Dispensations from the full reporting regime are unlikely to be given in respect of management buy-outs or offers by controlling shareholders, even where they are for existing "on record" or ordinary course profit forecasts, because the panel considers that the management team or controlling shareholder might have an incentive to depress a profit forecast in order to acquire the company more cheaply (Note 3 to Rule 28.1).

Other amendments to profit forecast rules

The following amendments have been made to the rules governing profit forecasts:

  • Quantified financial benefits statements (formerly known as 'merger benefits statements') – the revised definition expands the operation of these rules to include statements made during recommended offers and also statements made by a target company attempting to quantify financial benefits that may accrue if an offer is rejected. If these statements are made, strict content and quality requirements will apply and the company must obtain third-party reports from an accountant and a financial adviser, as described above.
  • Clarification on when dispensations from the rules may be granted – a dispensation may be available where the effect of the application of Rule 28 would be disproportionate or otherwise inappropriate. For example, dispensation may be appropriate where the forecast sets out a profit ceiling rather than a floor, since – in the context of an offer – it is not normally in the interests of the party making the forecast to set a ceiling. Dispensation may also be appropriate for an offeror's profit forecast where the consideration securities will not represent a material proportion of its enlarged share capital or the value of the offer (Note 4 to Rule 28.1).
  • Forecasts for part of a business – the new rules make it clear that they apply in respect of a part of a business in the same way as to a forecast for the whole, although the panel may grant a dispensation in cases of genuine non-materiality (Note 5 to Rule 28.1).
  • Profit estimates – exemptions from the requirements remain available for preliminary statements of annual results, half-yearly reports or interim financial information, provided that they comply with certain specified regulatory and/or accounting standards, on the basis that the numbers should be sufficiently reliable (Rule 28.5).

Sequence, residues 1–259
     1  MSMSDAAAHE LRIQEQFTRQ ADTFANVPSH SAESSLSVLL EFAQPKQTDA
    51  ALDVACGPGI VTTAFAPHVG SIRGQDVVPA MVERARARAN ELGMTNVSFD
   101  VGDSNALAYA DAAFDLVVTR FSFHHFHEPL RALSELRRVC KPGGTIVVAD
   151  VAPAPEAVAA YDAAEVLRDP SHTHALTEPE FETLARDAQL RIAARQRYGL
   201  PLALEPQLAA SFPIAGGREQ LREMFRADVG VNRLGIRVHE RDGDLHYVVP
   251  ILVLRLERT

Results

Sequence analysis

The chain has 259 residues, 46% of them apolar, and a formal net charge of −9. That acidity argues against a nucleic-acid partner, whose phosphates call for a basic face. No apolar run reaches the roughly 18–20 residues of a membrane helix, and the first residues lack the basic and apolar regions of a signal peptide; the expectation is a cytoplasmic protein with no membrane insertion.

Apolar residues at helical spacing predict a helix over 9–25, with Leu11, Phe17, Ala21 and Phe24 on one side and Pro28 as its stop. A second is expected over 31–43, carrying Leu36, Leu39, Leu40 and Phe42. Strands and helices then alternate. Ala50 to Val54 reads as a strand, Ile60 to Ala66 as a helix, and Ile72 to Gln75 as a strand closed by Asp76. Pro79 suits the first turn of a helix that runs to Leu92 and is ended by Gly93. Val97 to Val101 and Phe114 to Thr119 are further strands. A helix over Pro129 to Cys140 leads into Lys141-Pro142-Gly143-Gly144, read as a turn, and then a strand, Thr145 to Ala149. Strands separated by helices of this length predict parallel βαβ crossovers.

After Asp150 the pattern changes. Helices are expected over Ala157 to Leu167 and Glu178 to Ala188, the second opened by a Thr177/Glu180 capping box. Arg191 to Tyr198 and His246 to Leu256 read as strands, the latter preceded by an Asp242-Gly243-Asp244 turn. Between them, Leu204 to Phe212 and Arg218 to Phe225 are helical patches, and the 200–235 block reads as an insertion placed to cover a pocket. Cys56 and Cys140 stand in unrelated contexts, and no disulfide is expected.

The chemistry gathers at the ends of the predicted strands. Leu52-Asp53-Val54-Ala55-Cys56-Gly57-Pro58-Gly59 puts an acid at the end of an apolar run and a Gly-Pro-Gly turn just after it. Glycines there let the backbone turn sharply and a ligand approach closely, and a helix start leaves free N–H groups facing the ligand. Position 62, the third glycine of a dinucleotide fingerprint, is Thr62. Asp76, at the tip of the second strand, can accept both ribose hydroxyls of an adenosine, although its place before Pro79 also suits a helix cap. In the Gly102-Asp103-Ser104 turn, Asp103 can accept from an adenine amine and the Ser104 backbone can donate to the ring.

• Investment analyst forecasts – the code contains a number of rules dealing with forecasts prepared by third parties. Parties to a bid are permitted to refer to "consensus" (average) forecasts on their websites, provided that these are calculated in accordance with the code and the website includes a prominent disclaimer stating that the profit forecasts are not endorsed by the company concerned (Rule 28.7). Additional rules apply if the parties refer to these forecasts in their offer documents or announcements (Note 6 to Rule 28.1 and Rule 28.8).


The panel recently published a slide presentation summarising the changes to the profit forecast regime and how Rule 28 is intended to apply in practice.

The changes to the regime will reduce the burden on parties to an offer where forecasts are less contentious. They are also helpful in that the regime is now more closely aligned with the EU Prospectus Directive regime as implemented in the United Kingdom through the Financial Conduct Authority Prospectus Rules and related European Securities and Markets Authority recommendations on the consistent implementation of the EU Prospectus Regulation.

For further information on this topic please contact Will Pearce or Victoria Kershaw at Davis Polk & Wardwell London LLP by telephone (+44 20 7418 1300) or email (will.pearce@davispolk.com or victoria.kershaw@davispolk.com). The Davis Polk & Wardwell website can be accessed at www.dpw.com.